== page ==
“The Republican efficiency expert whose economic boosterism met its match in the Great Depression”
Catapulted into the public eye and national politics by his heroic fund-raising campaigns to help feed Europe during and after World War I, Herbert Hoover does not now enjoy a favourable or fond reputation among the majority of those he helped and his own countrymen. His presidency (which he won in a land-slide) and pre-presidential accomplishments are over-shadowed by the Stock Market Crash and Great Depression. Even though he tried to enlist the help of private sector leaders (for example, Henry Ford), he was unable to mitigate the Depression, which led to his second election, where the tables (and results) were turned on their head, and he was ousted by FDR.
The book opens with Hoover’s early life as an orphan who was swapped around family members for his formative years; and how even though he was largely unschooled, he managed to get into Stanford. Leuchtenburg then moves on to Hoover’s pre-presidential career in business (globetrotting to Australia, China and the UK), and then on to his political career. What’s most interesting is the way the author brings across Hoover’s character, which actually informs much of the content of the book; how it is almost completely at odds with what you would expect for someone who was so successful. For such a well-travelled man, he was also quite casually racist, believing that Asians and Caucasians shouldn’t mix, and being particularly critical of the Chinese: “Diplomacy with an Asiatic is of no use. If you are going to do business with him you must begin your talk with a gun in your hand, and let him know that you will use it.”
He was brusk, cold, completely out of place in social situations, yet immensely successful at almost everything he put his mind to. As Woodrow Wilson’s “Food Czar” during World War I, and then as Commerce Secretary for presidents Warren Harding and Calvin Coolidge, he pushed the boundaries of what the government could achieve (and also what it was allowed to do).
Exhibiting the same need for control he had when in the private sector, not to mention a disregard for the legal parameters of his jobs, Hoover frequently butted heads with his fellow officials, getting involved in areas and with issues that were wholly beyond his departments’ purview. His “forays into international affairs led Hoover to clash with Hughes, Mellon, and even the president”, while also clashing with other administration members on the issue of taxation (he was surprisingly progressive), lending regulation, and the environment.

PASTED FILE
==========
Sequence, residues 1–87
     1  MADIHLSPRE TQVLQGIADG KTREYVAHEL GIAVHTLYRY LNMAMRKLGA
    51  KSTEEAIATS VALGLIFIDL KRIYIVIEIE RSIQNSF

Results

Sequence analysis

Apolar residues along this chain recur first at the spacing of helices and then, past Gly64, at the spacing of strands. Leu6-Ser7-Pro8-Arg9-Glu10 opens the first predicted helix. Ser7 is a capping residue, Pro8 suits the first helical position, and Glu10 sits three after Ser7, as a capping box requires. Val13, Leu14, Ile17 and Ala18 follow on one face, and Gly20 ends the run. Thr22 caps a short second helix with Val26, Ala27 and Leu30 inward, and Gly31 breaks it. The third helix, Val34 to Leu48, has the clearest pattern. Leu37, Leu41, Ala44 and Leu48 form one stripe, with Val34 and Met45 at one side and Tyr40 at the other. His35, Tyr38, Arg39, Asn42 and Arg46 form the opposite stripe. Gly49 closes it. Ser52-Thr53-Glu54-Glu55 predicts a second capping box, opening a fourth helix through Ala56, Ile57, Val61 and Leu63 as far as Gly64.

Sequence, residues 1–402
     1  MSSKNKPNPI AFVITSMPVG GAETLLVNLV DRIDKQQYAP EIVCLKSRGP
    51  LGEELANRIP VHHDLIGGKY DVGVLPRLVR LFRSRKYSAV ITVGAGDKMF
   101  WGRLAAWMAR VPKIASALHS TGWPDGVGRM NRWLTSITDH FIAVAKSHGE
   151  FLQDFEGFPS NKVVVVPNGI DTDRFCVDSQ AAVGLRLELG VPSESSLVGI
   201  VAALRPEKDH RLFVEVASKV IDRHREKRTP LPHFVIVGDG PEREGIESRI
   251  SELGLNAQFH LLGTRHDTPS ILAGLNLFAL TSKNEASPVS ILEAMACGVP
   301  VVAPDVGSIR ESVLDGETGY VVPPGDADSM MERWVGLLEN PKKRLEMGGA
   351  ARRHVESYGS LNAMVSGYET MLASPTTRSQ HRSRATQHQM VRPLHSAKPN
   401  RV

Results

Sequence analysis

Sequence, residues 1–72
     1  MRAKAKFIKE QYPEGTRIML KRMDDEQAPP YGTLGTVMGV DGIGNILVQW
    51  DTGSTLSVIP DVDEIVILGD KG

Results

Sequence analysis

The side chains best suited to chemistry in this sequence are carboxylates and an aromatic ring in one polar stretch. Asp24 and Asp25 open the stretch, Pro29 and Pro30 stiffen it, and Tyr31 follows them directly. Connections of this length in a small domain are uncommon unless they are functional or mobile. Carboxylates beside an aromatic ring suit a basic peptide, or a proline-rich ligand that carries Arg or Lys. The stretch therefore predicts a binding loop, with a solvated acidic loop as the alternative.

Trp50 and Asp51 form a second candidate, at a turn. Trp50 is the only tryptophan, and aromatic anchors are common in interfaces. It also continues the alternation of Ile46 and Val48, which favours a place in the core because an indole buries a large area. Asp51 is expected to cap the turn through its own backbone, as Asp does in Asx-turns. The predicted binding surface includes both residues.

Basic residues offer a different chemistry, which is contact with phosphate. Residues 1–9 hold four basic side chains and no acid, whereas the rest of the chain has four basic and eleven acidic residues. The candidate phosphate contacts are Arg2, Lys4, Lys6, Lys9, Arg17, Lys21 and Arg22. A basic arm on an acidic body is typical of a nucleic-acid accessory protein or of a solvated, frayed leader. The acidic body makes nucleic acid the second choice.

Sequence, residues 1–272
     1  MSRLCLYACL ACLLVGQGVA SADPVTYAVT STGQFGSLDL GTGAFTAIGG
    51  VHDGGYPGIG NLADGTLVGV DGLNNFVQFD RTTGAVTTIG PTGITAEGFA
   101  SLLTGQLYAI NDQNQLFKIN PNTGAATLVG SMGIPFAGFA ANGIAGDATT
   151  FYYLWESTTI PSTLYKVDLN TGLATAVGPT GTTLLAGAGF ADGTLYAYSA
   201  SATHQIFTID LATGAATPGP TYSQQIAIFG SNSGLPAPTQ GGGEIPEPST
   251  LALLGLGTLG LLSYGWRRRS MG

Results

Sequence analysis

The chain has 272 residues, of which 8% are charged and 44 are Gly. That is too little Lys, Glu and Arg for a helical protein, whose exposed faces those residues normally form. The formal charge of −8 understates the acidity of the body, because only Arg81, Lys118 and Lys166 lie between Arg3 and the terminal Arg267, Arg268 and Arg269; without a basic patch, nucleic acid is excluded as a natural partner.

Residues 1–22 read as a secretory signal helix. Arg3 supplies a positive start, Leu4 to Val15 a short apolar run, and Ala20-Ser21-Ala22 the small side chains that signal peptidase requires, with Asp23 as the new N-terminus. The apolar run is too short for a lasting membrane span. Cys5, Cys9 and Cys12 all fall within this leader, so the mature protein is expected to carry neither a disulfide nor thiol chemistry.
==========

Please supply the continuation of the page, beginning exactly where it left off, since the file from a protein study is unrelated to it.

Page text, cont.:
Even though he served as an “energetic and much admired” Secretary of Commerce for two presidents, when in the Oval Office, Hoover was blinkered by his distrust of government and his belief that volunteerism would solve all social ills in America.
Overall, Leuchtenburg has written a very accessible and interesting biography of the man usually vilified for not fixing the US economy. By spending much of the book on his pre- and post-presidential life (about two-thirds), the book offers a much broader picture of the man. His strange desire to give money to struggling causes and acquaintances entirely confidentially (“good deeds by stealth”). Hoover comes across as a socially-awkward, fiercely independent, rather arrogant, yet gifted man.
An interesting, somewhat illuminating, and balanced portrait of a president many know little about, except his inability to solve the Great Depression.
It’s not the best in the series, but it certainly offers plenty for anyone wanting a brief account of this troubled man’s life and presidency. Recommended.
Also try: William E. Leuchtenburg, Franklin D Roosevelt & the New Deal (1963) & The Perils of Prosperity (1993); Roy Jenkins, Franklin Delano Roosevelt (2003); John Kenneth Galbraith, The Great Crash (1955/92); Harris Warren, Herbert Hoover & the Great Depression (2007); Eric Rauchway, The Great Depression & New Deal (2008); Amity Schlaes, The Forgotten Man (2007); Liaquat Ahamed, Lords of Finance, 1929 (2009)